June 4, 2018 Sugarland – Bigger (Album Review)
You do not dare entitle your album Bigger unless you are promising something bold! Doing just this, Country sweethearts Sugarland return this Friday, June 8, 2018, thanks to Big Machine Records, with, well, Bigger. It is sunshine in a bottle!
Country duo Sugarland know a little something about melody. Composed of key members Kristian Bush (Acoustic Guitar, Mandolin, Vocals) and Jennifer Nettles (Vocals), Sugarland was initially formed in 2002. At that time, they were actually a threesome – with Vocalist Kristen Hall – who would sign to Mercury Nashville in 2004 before releasing their debut, Twice the Speed of Life, that same year. By 2005, Hall would leave the group, but this would not slow the tag-team duo of Bush and Nettles. Their sophomore release, 2006’s Enjoy the Ride, exploded on Country radio, earning the pair a Grammy for the hit single “Stay” along with the award for Best Country Performance by a Duo or Group with Vocal. ACM, CMA, and CMT awards would also follow. In fact, for Sugarland, life just keeps getting bigger, and albums like 2008’s Love on the Inside, 2009’s Gold and Green, and 2010’s The Incredible Machine have merely served to amplify the pair’s already stellar career.
In the interim of the past eight years, Sugarland have not exactly been silent. Jennifer Nettles has an impressive solo career, and has even made her acting debut, as well. For his part, Bush also has a wonderful solo recording career, and is a repeat participant in the Country Music Association’s Songwriters Series, which travels the U.S. and the world showcasing the talents of Nashville songwriters. Though, no matter how far apart they might roam, Bush and Nettles’ hearts will always return home – to Sugarland.
Thus it is that, back for more and proclaiming a brighter day, Sugarland return with Bigger. Produced by Bush and Nettles, along with Julian Raymond (Hank Williams Jr., Cheap Trick), the 11-song album sees Sugarland returning to once again put a smile onto the face of Country fans. Catchy yet emotive, sincere and addictive, all the hallmarks of the duo you love are here. Plus, is not happiness what truly makes life bigger?
“We were born for better days,” Nettles’ proclaims in the circling of the wagons that is lead-off track and album namesake, “Bigger.” Here, Sugarland make a generalized commentary on the depressing state of affairs in our world and agree that there is a definite need for an increase in better and happier things, and, well, bigger, brighter futures. Next, there is some funky bass work holding down the steady tap of “On a Roll,” although that bizarre speed-talkin’ Spoken Word bridge was maybe not a good way to maintain flow.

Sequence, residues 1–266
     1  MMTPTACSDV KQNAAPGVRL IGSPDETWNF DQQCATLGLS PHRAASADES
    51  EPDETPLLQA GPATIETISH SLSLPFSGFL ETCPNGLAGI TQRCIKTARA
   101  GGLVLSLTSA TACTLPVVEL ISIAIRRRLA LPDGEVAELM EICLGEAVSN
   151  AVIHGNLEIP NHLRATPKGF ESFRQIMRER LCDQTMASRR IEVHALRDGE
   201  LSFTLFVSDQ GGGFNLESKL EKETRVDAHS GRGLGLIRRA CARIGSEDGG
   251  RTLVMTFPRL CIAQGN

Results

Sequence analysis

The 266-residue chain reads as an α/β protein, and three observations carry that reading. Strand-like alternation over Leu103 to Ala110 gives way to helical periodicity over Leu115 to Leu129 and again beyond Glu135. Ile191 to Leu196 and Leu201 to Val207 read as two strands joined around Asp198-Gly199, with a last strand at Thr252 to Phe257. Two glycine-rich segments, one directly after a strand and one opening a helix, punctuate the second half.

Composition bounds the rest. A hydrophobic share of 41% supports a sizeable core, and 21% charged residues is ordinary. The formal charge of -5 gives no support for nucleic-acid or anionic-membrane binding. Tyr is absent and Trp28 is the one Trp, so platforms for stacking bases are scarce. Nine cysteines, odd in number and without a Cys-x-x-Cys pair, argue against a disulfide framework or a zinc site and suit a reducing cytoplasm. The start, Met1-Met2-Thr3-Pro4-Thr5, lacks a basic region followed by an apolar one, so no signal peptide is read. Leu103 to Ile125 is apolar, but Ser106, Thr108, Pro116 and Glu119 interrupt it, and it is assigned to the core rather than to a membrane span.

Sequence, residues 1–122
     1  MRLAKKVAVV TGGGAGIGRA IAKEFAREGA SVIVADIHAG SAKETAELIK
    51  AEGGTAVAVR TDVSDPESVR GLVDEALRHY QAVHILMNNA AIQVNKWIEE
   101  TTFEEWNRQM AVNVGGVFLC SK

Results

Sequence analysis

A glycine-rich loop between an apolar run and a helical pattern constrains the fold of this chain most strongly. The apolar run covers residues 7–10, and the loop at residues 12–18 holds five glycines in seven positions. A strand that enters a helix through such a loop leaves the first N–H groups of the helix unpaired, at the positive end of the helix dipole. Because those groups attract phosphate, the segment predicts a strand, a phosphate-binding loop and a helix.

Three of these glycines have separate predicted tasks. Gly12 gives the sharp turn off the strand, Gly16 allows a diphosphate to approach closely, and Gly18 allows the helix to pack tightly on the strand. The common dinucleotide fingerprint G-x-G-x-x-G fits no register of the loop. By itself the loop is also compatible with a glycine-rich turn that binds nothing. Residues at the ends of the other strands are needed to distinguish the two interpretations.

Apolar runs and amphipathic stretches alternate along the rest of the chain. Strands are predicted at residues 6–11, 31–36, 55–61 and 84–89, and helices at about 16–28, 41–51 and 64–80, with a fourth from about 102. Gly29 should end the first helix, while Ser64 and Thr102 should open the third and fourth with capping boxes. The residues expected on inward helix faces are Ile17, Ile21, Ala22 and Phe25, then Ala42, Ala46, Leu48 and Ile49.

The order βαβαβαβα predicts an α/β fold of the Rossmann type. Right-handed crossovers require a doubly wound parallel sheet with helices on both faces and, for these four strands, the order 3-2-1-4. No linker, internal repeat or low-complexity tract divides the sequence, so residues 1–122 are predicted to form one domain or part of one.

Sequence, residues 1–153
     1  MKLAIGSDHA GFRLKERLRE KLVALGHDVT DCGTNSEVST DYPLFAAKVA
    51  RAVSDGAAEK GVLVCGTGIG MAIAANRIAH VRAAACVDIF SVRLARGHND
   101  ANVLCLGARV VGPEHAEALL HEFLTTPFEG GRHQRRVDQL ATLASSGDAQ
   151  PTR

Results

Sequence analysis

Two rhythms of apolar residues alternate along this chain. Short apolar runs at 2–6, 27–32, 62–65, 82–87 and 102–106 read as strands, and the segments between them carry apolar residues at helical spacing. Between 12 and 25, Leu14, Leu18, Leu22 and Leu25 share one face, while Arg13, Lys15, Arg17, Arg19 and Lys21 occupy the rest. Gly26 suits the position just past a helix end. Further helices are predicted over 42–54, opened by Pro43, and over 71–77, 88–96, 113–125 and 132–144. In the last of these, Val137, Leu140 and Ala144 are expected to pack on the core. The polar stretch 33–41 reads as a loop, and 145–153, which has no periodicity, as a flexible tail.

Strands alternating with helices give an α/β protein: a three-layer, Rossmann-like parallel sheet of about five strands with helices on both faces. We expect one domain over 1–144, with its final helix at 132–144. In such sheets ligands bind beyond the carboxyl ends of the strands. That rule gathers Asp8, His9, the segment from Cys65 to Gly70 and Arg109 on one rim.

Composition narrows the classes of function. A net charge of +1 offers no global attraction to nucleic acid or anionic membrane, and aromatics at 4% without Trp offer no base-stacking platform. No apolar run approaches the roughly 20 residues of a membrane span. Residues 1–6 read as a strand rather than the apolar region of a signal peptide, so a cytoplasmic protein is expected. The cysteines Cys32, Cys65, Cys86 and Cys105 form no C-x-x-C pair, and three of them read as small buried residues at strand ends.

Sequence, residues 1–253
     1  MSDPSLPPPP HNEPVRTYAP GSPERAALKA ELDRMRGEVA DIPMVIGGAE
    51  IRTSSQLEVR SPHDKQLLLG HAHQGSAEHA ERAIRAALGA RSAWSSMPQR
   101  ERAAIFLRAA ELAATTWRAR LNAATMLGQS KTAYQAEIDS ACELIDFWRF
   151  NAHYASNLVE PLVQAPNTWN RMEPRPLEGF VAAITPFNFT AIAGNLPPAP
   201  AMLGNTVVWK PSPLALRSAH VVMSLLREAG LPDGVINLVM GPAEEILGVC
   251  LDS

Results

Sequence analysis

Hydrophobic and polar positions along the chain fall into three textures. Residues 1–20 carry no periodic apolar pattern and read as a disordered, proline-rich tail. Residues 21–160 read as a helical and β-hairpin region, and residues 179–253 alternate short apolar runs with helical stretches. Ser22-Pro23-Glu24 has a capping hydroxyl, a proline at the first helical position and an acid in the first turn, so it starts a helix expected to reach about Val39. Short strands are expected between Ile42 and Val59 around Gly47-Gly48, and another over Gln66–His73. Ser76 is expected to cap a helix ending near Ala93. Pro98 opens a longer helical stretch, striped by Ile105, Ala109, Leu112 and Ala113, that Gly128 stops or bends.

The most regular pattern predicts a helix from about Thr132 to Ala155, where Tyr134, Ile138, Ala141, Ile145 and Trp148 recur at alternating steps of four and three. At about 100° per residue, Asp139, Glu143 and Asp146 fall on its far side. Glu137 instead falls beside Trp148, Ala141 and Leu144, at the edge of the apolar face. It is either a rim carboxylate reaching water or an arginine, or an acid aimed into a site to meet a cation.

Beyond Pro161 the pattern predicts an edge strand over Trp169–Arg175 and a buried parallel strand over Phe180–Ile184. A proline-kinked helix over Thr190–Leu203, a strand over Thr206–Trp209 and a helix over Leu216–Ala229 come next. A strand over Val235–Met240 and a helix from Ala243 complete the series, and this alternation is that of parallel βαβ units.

“Let Me Remind You” speaks the language of love with swooning guitars, Nettles’ gentle croon, and a glittery sway that will have you dancing in a tall-grass meadow in the summer sunshine. An ode to the woman that has no limits to her love, who embraces any challenge set before her, “Mother” is a warm and tender tribute to the women that do it all, every single day of the year. Somewhat similarly, unchanging, firm, triumphant love sits at the center “Still the Same,” and the gentle beat of “Lean It on Back” invites you to shake your hips, shuffle your feet and groove in your seat.
While quite a few of Sugarland’s contemporaries do not author their own material, this duo has always maintained stellar artistic integrity and drafted their own music. That is, until now, until “Babe.” Authored by Taylor Swift and Train’s Pat Monahan, the dangerously catchy break-up anthem sees Swift guest starring on background vocals. In fact, Nettles and Swift’s voices blend beautifully to create a track that is bolstered by the inclusion of the latter, and never once feels like “Taylor Swift featuring Sugarland.”
The beautifully sultry “Bird in a Cage” weaves a tale (not tail) of confinement and the need to fly free, while the guitars of “Love Me Like I’m Leaving” go for delicate twang as piano anchors the power-ballad, a plea to be appreciated before it is too late. Meanwhile, the acoustic-anchored ballad “Tuesday’s Broken” approaches the hot button issue of school shootings and sees beyond any sociopolitical commentary and goes instead for the human heart of the matter. Nettles’ emotional vocals soar as she sings of extending a loving hand to children in need, leaving it impossible to hear this song and remain dry-eyed. You will probably still be wiping tears from your face when they move into their album closer, the anthem for the lonely and the underdogs, “Not the Only,” a truly catchy clap-along.
Sugarland make Country anchored in the catchiness of Pop that just feels good. There is a warmth here that perpetuates a smile, the glowing inner-sunshine that allows one to dance in the rain on a blustery day. In fact, on Bigger, Sugarland deliver this characteristically tenderhearted, warm and glowing brand of down-home Country that has earned them so very many fans. Nettles’ voice shines, Bush’s guitars twinkle, and their harmonies remain some of the best in today’s Country scene. Sure, Bigger is not necessarily a larger sound, but it is a good, solid offering that will brighten quite a few summers. Isn’t that what spreading the love is all about? For these reasons, CrypticRock give Sugarland’s Bigger 4 of 5 stars.